Sunday, November 9, 2014

11/10/14—Taking Our Hero's Journey

I've been putting a lot of thought into Joseph Cambell's monomyth or hero's journey lately. The monomyth is essentially the storyline that most epic tales of heroism and attainment follow. If you took the story of Christ and Buddha and countless other heroes, real or fictional, and laid them side-by-side, it would be as if the stories follow the same, prescribed routes. 

Campbell had the story broken down into 17 phases (some of which don't appear in this image.) Not all stories go through all the phases. But basically what happens is that the hero hears a calling. The hero denies the calling and/or encounters some sort of mystical aid. Then the journey begins and the hero leaps into an unknown and unfamiliar world knowing he will be forever changed. 

Once the journey begins, all sorts of stuff happens. The hero may experience true love. They will come across trials and tests and road blocks. Someone may try to distract them from the journey. Then they will ultimately confront their own ego, perhaps in a symbolic way with someone that holds power over them or a creature that is difficult to defeat. With the ego shed, they then become enlightened and their transformation is complete. They achieve their quest and must return back to their ordinary life, but perhaps they don't want to return or maybe they have to escape to return. They must learn to integrate their new knowledge into daily life. Some, like Jesus, may transcend life. Some may bring their new knowledge to the people. But all conquer fear and ego and, with that conquered, they truly are heroic. 

So that's the hero's journey. I imagine it could come in quite useful when writing books. But you can also apply it to your own life, your own quest. And that's why I've been thinking about it. And, full disclosure, the whole reason I've been thinking about this is because I watched Elizabeth Gilbert discuss it on Oprah's Super Soul Sunday a few weeks ago and found the ways she was applying it to human stories quite interesting. 

One thing she said really stuck with me and that was that the things the hero went through while on his quest, prepared him for the next phase of the journey. In fact, he can't get to the next phase until he's been tempered by the previous phases. So in order to approach your new life fearlessly, you have to experience fear, face your demons and strike them down. You have to mire through the muck and murk in order to learn how to avoid or circumvent it.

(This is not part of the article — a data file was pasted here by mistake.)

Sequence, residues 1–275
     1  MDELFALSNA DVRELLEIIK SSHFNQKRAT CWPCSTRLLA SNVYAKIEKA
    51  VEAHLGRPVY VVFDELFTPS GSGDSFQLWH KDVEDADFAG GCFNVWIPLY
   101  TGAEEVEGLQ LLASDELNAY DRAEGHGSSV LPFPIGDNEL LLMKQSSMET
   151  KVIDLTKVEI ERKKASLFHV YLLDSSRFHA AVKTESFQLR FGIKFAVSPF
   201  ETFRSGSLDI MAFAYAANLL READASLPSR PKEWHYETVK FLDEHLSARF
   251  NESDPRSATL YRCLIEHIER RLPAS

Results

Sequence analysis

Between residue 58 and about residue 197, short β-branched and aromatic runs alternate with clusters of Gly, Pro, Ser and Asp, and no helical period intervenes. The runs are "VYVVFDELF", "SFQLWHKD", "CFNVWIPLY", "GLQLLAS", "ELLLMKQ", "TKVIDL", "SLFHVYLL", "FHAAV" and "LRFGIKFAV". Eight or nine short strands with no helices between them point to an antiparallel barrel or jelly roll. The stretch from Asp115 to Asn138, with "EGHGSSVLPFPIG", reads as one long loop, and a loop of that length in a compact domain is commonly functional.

I found this actually quite comforting. On our own journeys and transformations, I think we're sometimes afraid we're not ready to bring our new baby out into the real world. And we see our difficulties as signs were not ready. What if they don't like the baby? What if the baby barfs on someone? We want to protect our baby. So we refuse to bring it to the real world. But then again, we can't. Because if we're so afraid of what others will think about our baby, then we clearly haven't done the important ego work needed before we can return. The only way we can bring our baby to light is by doing our work. 

So there's really no such thing as being thrust into a role unprepared. If the universe opens up and gives you a doorway, it's because you're ready to walk through it. 

That's just the beginning of what's been on my mind since I started contemplating the monomyth. That and how each of us are on a series of heroic journeys, whether they're about our spiritual development or our purpose in this lifetime, that make take anywhere from a week to multiple lifetimes to complete. And it's interesting to think about where you are on a particular journey or if you can see how the monomyth applies to things in your life or how contemplating the monomyth might add some perspective to something you're facing today. 

Today there are 7 or 8 billion people carving out unique stories all around the world. It's mind boggling to think of. But as unique as each of those stories is, we all have so much in common. We worry about our loved ones. We have dreams for our life. We long to be understood and loved. And we're all running pretty much the same, prescribed obstacle course in life in our attempts to expand and grow. 

If you knew the stranger's eyes you were looking into were struggling with the same fears and heartaches as you today, could you turn away? Whether you agree with Joseph Campbell's hero's journey or not, we're all alone together on a ball hurling through space at alarming speeds, sharing a story that's far more alike than other story we're likely to encounter across billions of galaxies. We won't move past the bottom of the circle and commence on our upswing as a society until we're ready to look deep enough inside ourselves to see even the lowest among us as our fellow traveler on the journey. 

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